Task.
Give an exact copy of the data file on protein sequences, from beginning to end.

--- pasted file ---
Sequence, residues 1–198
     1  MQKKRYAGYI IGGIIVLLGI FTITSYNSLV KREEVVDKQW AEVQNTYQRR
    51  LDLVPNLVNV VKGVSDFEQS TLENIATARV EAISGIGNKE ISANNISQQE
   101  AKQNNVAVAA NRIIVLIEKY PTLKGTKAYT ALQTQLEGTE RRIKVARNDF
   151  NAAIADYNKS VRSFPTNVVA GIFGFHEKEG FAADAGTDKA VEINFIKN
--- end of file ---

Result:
Sequence, residues 1–198
     1  MQKKRYAGYI IGGIIVLLGI FTITSYNSLV KREEVVDKQW AEVQNTYQRR
    51  LDLVPNLVNV VKGVSDFEQS TLENIATARV EAISGIGNKE ISANNISQQE
   101  AKQNNVAVAA NRIIVLIEKY PTLKGTKAYT ALQTQLEGTE RRIKVARNDF
   151  NAAIADYNKS VRSFPTNVVA GIFGFHEKEG FAADAGTDKA VEINFIKN